Crack an egg into a bowl. Whisk with salt and pepper. Melt a pat of butter in a skillet and pour in the egg. It doesn’t take long for the pan full of egg to go from sloshy to solid, soft and yellow. As quickly as it turns, flip it just in time to put half a slice of American cheese on it. Then, carefully slide it onto a blue plate, folding one half over the other making a half moon shape.
I would repeat this same process 5 times (if not more) making “one egg omelettes” for the kids each morning around 10:00.
I made one egg omelettes for days, weeks at a time when the pandemic started.
Deep down, I think I was trying to schedule something routine in our home where there was suddenly none. And, I think I was trying to fill their mouths so they couldn’t ask me questions because I had no answers.
I was trying to love them through the global shutdown one omelette at a time.
While their tummies were being fed, this momma was becoming exhausted. You can guess how that ended – Me screaming one morning, “I don’t want to make these anymore! Make your own food! Don’t you know how to make your own food? You’re all old enough!” Nice.
I, myself, had created that scheduled need for MEEEE for the kids. And now I was yelling about it.
Late summer of 2020, our oldest moved out to start college. I wrote about Launching Lauren and loving her and wondering what else I needed to teach her before she headed out into the world.
As it turns out, I needed a combination of the global pandemic and Lauren’s launch to learn to love in a different way.
Making one egg omelettes, while delicious and nutritious, were not preparing my crew for the world. You might be thinking, “Seriously Andrea. Does there have to be a lesson in the omelettes?” Buuuuuuut, yes, there does, there is! I’m learning that teaching them HOW to make omelettes is more powerful than simply serving them over and over.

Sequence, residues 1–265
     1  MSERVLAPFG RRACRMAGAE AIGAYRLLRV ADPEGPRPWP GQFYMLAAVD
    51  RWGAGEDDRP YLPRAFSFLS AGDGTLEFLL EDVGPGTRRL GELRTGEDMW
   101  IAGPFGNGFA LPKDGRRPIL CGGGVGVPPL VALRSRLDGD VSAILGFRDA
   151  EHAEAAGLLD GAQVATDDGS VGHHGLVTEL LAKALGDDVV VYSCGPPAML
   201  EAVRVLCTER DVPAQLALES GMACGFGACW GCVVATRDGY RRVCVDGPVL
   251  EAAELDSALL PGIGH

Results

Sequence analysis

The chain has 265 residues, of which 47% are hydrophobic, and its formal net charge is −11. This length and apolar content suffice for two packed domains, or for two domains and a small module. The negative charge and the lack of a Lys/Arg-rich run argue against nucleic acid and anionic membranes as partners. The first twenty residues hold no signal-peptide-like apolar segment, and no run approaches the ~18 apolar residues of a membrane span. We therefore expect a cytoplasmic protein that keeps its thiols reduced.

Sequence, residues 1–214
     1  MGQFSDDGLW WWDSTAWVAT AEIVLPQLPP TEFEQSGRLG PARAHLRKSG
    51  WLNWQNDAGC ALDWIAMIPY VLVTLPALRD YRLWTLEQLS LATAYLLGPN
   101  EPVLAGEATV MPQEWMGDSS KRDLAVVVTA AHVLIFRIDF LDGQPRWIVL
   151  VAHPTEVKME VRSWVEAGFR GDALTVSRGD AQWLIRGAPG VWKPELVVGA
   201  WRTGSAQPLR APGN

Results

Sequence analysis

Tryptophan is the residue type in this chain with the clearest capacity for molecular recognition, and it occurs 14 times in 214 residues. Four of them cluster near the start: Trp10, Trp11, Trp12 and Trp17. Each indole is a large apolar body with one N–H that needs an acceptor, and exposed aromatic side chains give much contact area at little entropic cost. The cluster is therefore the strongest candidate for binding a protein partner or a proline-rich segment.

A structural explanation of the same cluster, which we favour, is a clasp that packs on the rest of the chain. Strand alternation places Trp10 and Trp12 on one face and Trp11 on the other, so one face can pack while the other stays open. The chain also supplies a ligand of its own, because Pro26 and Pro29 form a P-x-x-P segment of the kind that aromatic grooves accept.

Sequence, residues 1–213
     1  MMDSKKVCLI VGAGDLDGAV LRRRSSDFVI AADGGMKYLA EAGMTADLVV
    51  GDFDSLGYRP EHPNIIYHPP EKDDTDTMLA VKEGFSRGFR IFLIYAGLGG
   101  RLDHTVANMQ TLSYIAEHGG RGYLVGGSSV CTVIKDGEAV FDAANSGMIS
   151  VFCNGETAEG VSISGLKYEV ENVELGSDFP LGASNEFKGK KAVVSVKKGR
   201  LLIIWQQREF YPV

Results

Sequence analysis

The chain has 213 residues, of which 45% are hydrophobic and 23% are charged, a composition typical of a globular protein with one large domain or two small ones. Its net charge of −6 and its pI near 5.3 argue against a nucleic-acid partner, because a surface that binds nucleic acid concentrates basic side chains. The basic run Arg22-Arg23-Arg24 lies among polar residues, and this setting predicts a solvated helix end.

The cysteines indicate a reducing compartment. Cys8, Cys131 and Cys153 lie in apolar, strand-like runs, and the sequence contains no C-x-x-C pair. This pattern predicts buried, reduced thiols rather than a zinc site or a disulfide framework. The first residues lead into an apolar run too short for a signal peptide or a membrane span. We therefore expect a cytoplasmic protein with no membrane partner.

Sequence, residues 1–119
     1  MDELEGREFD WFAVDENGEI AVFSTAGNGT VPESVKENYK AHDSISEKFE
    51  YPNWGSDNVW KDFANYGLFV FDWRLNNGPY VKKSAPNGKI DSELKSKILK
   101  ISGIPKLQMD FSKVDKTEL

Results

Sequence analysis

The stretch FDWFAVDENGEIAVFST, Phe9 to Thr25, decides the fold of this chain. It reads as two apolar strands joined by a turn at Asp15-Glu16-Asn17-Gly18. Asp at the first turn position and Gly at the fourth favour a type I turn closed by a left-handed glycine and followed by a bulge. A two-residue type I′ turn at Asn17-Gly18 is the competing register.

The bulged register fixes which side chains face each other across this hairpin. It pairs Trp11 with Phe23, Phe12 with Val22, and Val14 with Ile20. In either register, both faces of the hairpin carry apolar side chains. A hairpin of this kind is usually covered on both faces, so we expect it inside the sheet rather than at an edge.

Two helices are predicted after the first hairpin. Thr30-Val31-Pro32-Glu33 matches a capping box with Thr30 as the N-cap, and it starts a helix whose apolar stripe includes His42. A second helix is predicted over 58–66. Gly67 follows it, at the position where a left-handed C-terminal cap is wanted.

Hear me out.
Early pandemic, I was at least one thing they could count on. I was the helper, the fixer, the distraction. My kids were fed. And I was serving them a daily portion of enabling and controlling on a blue plate, one egg omelette at a time.
Good intentions. Not so good out outcomes.
So, this week we started something new. Daily Lunch service provided by (drumroll) the kids. Each kid takes a day of the week to make lunches for mom and siblings. It’s up to the kid in charge to decide the menu and prepare it during their lunch break to make sure there’s enough for everyone.
Joseph has a salad bar in mind. Lily loves cream cheese and raspberry jelly sandwiches with a side of carrots and hummus. Luci will probably make one of those Tik Tok Tortilla wrap hack things [like this https://www.realsimple.com/food-recipes/cooking-tips-techniques/quesadilla-cooking-hack-tiktok ] And John? No clue. But that’s not my problem.
The planning, the time, the effort to prepare a meal for their brothers and sisters and me is on them – not me. They become the one in charge. They will take turns learning what it takes to think of others. They will hear criticism and praise (hopefully kindly) and learn to accept it.
While the world spins and cable news channels spin ‘supposed’ facts even faster; the kids will learn the value of independent choices and how they affect others. Don’t you think?
The goal is for them to learn stuff like responsibility and accountability rather than munch down a blue plate of enabling with a side of controlling.
This being a mom thing is exhausting. I need a nap. Now, there’s an opportunity to be an example in self-care, but, I’m still learning that one too.
[Any tips on simple lunch ideas or handling global anxiety questions for 7-18 year olds or scheduling mommy care welcome in comments.]